Given the current buzz around the whole industry, you could be forgiven for thinking that the whole of artificial intelligence (AI) and Machine Learning sprang magically from out of the oceans of research five years ago, but for those of us who’ve been providing AI solutions to enterprises for several decades we can but watch recent interest and smile knowingly. However, the appearance of Neural Networks (NN) on the center stage over the same timescale has been little short of phenomenal.
From Zero to Hero
Ever since Horace Barlow’s pioneering experiments of the 1950s, AI researchers have had a fondness for Neural Networks in the ambitious hope that one day they’d recreate the power of the human brain. But even when I helped create the first version of IDOL Server 20 years ago, Neural Networks were not yet fit-for-purpose, a bit player on the AI scene, slow to train and prone to over-fitting. Then came the Long Short-term Memory improvements in speech-to-text of around ten years ago that started the revolution that has resulted in Neural Networks’ powering the wonderfully-spooky sounding field of Deep Learning and finally achieving the recognition that its persistent academic fan base always imagined it would one day receive.
It’s About the Data, Stupid
So where did this revolution come from? The academic world would point to the great advances in Recurrent and Convolutional Neural Networks that are now standard across the industry, and there is certainly no doubt that these enable applications that would have been unheard of a couple of decades ago.
On the other hand, those who wistfully remember trying to train even a moderately-sized network in the 1990s would probably point to the exponential growth in the amount of RAM that they have at their fingertips, fully aware that the 10,000 node networks that they blithely build in under a minute were pretty much unheard of when they were in college.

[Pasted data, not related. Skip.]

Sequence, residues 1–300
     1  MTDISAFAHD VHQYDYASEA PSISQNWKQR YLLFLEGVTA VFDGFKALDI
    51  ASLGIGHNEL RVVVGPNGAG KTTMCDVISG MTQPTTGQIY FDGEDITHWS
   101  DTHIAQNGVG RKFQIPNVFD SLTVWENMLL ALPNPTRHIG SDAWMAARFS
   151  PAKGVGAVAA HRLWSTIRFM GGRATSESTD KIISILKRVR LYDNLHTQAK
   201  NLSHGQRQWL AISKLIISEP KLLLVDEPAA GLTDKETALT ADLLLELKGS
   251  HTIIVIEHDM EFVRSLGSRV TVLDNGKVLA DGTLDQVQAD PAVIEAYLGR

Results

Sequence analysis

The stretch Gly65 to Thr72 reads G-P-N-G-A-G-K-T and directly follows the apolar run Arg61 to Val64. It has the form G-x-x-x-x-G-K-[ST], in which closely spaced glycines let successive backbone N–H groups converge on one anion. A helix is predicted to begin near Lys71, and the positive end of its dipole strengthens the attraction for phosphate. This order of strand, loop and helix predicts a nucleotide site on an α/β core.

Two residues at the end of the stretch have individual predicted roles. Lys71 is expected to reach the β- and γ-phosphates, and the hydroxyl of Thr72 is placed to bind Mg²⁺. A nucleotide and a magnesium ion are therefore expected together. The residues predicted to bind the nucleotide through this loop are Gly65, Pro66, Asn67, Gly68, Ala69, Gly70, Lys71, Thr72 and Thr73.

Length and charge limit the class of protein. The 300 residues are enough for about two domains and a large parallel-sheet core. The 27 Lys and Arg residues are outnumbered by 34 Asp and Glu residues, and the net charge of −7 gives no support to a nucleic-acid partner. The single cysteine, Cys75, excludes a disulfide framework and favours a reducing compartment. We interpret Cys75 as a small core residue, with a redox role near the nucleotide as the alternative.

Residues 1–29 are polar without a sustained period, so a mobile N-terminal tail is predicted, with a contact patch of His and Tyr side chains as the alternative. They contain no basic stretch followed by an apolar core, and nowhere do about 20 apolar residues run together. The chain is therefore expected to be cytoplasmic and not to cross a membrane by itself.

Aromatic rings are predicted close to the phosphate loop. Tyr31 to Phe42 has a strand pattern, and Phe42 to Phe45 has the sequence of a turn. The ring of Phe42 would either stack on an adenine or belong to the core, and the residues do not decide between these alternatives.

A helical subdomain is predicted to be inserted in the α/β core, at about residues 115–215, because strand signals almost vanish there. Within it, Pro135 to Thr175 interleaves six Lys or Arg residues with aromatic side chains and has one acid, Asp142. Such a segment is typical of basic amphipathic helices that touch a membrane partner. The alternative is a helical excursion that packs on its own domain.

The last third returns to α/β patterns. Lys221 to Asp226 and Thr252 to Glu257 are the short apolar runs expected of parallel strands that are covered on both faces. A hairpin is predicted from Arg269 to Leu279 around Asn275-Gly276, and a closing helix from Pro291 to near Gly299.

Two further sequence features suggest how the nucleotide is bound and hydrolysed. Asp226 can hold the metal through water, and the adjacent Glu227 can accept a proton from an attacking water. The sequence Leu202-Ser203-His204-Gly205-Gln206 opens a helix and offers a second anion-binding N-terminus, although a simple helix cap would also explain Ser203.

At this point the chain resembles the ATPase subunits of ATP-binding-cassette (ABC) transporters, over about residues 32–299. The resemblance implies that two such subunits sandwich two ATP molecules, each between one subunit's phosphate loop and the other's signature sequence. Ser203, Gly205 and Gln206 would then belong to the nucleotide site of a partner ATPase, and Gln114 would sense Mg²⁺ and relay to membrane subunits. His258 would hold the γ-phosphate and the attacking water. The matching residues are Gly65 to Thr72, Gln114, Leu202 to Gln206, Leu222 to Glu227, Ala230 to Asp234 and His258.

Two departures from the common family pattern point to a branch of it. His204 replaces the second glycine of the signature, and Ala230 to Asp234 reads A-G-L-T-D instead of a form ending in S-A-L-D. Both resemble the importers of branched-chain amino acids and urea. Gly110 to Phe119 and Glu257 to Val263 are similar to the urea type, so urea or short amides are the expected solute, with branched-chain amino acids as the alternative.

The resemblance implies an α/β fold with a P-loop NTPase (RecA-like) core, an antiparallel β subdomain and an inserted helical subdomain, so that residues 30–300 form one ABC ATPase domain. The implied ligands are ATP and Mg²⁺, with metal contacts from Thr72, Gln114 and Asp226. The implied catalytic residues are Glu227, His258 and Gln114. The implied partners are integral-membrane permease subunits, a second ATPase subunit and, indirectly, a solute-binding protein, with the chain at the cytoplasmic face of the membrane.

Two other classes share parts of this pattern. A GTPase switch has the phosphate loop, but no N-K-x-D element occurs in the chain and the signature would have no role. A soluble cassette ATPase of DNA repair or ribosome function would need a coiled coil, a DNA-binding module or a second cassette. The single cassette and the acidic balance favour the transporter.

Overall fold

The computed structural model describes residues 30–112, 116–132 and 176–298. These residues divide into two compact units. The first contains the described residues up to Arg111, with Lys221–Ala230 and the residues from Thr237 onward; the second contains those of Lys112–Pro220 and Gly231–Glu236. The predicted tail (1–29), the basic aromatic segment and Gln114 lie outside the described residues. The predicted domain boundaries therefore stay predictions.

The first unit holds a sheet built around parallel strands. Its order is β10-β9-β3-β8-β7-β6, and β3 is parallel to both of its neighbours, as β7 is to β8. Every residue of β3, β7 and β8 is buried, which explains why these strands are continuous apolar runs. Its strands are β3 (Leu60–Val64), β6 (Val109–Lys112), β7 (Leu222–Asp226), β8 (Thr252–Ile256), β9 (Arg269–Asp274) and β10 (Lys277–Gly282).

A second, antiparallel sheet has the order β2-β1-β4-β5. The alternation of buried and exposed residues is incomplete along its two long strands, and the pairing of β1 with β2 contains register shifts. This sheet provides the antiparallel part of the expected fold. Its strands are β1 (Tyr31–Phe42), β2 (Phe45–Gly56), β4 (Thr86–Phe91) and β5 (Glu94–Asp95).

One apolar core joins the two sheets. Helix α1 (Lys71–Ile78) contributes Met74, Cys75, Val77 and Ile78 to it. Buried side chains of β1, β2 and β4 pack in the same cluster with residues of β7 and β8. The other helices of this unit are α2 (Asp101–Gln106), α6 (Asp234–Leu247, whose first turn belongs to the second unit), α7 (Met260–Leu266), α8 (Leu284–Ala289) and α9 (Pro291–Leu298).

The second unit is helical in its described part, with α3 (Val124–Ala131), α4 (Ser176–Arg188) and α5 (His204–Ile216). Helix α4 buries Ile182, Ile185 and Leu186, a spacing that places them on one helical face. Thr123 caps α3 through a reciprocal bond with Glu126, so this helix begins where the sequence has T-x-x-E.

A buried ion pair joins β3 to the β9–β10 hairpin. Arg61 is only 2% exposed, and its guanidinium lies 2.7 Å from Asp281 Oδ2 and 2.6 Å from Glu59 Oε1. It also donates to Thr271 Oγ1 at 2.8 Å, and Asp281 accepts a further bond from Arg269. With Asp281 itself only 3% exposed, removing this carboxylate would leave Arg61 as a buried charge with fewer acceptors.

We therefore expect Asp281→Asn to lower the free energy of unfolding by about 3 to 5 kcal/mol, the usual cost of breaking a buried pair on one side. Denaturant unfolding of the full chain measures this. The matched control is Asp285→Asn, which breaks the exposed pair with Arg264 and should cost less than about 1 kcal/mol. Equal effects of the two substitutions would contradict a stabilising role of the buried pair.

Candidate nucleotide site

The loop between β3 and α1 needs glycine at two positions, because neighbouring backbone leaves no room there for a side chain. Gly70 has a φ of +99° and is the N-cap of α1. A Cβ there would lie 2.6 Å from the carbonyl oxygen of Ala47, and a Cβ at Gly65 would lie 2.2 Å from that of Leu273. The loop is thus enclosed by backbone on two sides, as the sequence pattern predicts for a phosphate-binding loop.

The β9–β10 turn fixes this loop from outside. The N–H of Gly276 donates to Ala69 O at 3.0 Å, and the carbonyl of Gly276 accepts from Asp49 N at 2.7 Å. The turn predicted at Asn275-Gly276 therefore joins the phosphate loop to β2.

And of course those who spend their evenings in the Shadowlands will smugly point to the fact that their hours spent gaming in the 2000s funded the creation of GPUs that are a prerequisite for any AI researcher wanting to slip in an extra dozen hidden layers into their recurrent neural network (RNN).
But a review of the leaders in any particular field of AI will point to a fourth cause for the long-awaited success of NN’s: the availability of massive amounts of training data. Yes, yes, those with a state-of-the-art new model or access to a server farm inevitably have a big head start in the battle for AI-supremacy, but the eventual winner will always be the one with the most data. For example, thanks to the hugely-popular Ten Year Challenge, I’d be willing to bet that Facebook are the world leaders in the effects of ageing on facial recognition.
Finishing off the Competition
So with this rampant growth of techniques and capabilities, the future of Neural-Network-Powered AI is looking strong. Few now doubt that NN’s will now retain their place at the heart of AI as it evolves in the years to come. After all, any technology that can daydream has surely got to be worth investing in, and here at Micro Focus we use NN’s for everything from OCR to Audio Recognition to Scene Analysis. Well, almost everything. There are still plenty of other pieces of AI functionality that wouldn’t dream of using Neural Networks, but more on that another time; it’d be a brave researcher who’d bet against their switching to some extension of Deep Learning before the new decade is out…